What Are The Signs of Military Sexual Trauma (MST)?

Female MST
Signs of military sexual trauma MST can be hidden. (Photo courtesy of

An extremely difficult subject to talk about is the degree of sexual trauma in the military (MST). The most recent data from the U. S. Department of Veteran’s Affairs suggests that about 1 in 10 men suffer MST. For enlisted women, the ratio is doubled, or about 1 in 5. Though MST is categorized as psychological trauma, it results from a physical assault of a sexual nature, battery of a sexual nature, or sexual harassment which occurred while a Veteran was serving on active duty. It is defined as “repeated, unsolicited verbal or physical contact of a sexual nature which is threatening in nature.”

MST covers a range of sexual activities.

It includes any sexual activity in which someone is involved against his or her will for implied better treatment or whether pressured or forced into sexual activity for other reasons. It also includes unwanted sexual advances, sexual touching, grabbing, threatening, making offensive remarks about a person’s body or sexual activities.

Please also note the statistics I have quoted are not conclusive because they reflect only those individuals who have sought treatment from the VA. It is impossible to estimate the unreported incidences.

Just like any other military trauma, the consequences of MST are quite serious to those who have experienced it:

  • Strong emotions: feeling depressed, having intense, sudden emotional reactions to things; feeling angry or irritable all the time
  • Feelings of numbness: feeling emotionally “flat”, difficulty experiencing emotions like love or happiness
  • Trouble sleeping: trouble failing or staying asleep, disturbing nightmares
  • Difficulties with alcohol or other drugs: drinking to excess or using drugs daily; getting intoxicated or “high” to cope with memories of emotional reactions; drinking to fall asleep
  • Difficulties with attention, concentration and memory: trouble staying focused, frequently finding one’s mind wandering; having a hard time remembering things
  • Difficulty with things that trigger experiences of sexual trauma; feeling on edge or “jumpy” all the time, difficulty feeling safe; going out of one’s way to avoid reminders of experiences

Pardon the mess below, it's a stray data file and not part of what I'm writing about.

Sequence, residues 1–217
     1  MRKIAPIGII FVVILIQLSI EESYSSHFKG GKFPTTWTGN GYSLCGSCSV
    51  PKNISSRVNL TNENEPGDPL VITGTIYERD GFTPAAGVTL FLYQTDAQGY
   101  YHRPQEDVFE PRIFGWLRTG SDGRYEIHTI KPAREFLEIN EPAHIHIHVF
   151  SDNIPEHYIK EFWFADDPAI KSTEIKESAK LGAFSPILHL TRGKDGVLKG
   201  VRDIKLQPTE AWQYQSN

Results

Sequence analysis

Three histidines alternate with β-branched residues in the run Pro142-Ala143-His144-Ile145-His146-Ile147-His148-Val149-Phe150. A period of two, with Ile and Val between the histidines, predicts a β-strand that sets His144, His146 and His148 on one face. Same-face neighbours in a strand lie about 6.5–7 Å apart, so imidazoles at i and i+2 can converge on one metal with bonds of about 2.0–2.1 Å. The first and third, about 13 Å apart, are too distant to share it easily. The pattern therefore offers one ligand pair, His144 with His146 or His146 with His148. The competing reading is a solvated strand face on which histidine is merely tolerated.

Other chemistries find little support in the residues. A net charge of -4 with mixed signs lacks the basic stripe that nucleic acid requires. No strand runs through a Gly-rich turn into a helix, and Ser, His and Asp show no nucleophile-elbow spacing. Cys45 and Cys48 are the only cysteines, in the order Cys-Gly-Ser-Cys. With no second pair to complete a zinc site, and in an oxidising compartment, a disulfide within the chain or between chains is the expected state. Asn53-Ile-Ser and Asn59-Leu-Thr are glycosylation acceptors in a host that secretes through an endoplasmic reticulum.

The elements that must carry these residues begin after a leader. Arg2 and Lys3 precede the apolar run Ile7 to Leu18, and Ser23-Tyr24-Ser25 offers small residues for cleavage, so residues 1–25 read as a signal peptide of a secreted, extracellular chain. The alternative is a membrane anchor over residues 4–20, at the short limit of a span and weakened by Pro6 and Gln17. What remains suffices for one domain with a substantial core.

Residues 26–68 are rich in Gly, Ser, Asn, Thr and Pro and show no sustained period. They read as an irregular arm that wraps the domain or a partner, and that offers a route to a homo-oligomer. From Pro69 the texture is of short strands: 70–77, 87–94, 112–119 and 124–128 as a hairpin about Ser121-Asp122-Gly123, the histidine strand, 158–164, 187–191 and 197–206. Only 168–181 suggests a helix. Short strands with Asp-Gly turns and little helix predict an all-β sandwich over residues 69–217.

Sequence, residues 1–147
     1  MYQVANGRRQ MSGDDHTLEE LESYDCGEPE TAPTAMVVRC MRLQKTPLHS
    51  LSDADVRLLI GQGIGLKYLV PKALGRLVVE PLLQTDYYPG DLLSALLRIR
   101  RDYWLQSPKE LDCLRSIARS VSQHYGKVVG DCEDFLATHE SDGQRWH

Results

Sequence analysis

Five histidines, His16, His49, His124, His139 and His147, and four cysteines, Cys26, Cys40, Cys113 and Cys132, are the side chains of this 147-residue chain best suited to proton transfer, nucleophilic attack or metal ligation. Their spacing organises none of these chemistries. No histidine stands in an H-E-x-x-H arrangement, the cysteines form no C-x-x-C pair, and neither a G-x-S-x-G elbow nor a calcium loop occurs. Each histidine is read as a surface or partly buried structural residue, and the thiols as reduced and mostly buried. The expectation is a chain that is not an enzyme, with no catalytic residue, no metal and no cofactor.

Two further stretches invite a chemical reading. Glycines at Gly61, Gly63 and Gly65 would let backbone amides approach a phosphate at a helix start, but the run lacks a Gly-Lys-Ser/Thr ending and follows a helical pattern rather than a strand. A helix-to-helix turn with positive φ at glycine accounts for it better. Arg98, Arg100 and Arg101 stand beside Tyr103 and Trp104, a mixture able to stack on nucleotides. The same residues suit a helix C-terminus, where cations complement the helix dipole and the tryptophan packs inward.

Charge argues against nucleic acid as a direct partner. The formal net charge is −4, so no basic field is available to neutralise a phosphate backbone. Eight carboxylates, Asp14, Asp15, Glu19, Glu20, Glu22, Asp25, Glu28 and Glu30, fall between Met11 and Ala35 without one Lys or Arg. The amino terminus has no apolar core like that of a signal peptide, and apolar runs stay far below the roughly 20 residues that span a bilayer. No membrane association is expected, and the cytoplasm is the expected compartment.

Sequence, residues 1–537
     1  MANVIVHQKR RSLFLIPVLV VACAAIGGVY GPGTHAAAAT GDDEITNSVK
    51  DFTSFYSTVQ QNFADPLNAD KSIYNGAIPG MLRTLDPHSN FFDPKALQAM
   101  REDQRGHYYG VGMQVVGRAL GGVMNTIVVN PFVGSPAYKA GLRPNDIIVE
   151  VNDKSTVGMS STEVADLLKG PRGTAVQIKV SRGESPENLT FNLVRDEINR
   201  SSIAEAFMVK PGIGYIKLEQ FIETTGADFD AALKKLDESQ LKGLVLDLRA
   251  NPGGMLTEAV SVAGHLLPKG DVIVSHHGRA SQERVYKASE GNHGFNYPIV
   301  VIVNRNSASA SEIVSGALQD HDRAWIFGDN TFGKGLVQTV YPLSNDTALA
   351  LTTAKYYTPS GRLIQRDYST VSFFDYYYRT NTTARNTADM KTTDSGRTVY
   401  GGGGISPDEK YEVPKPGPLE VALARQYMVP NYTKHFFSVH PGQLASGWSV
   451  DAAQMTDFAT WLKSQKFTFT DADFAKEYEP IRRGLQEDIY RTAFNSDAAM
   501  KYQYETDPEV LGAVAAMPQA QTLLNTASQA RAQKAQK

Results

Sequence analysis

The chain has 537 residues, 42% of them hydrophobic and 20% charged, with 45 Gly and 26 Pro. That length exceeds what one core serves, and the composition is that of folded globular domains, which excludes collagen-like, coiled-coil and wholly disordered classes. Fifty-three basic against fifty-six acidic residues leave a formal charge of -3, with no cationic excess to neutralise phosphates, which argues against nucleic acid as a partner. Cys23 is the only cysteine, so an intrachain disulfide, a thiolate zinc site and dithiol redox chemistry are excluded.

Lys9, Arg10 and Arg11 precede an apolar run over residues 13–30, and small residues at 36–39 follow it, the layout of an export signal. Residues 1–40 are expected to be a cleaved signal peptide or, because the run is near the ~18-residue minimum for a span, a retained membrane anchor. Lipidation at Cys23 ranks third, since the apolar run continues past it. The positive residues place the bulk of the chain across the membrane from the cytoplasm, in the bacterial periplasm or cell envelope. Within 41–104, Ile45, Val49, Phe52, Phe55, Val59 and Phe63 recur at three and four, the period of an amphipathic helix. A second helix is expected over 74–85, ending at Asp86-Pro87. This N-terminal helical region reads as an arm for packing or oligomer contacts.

• Difficulties in relationships; feeling isolated or disconnected from others, abusive relationships; trouble with employers or authority figures, difficult trusting others
  • Physical health problems; sexual difficulties, chronic pain, weight or eating problems; gastrointestinal problems

MST and PTSD are associated

MST is a sensitive topic, but as you can see the symptoms and consequences are devastating and life-dominating. It is an extremely difficult problem to deal with, but it is one that can sabotage emotional health and relationships.

Not only is posttraumatic stress disorder (PTSD) associated with MST, but it is also the diagnosis most frequently associated with MST with those who use the VA Department’s healthcare (other diagnoses are depression, other mood disorders and substance use disorders).

As we deal with injuries from war, including the PTSD of so many veterans, it is also imperative to include support for victims of MST.  It is another area of health that we need to be addressing so veterans may successfully transition to normal lives.

MST and PTSD are part of the complex issues that our veterans have faced due to their military service. It should be treated with as much importance as other traumatic injuries in how we provide compassionate and assertive care to our veterans.

Gerry Vassar, President/CEO, Lakeside Educational Network

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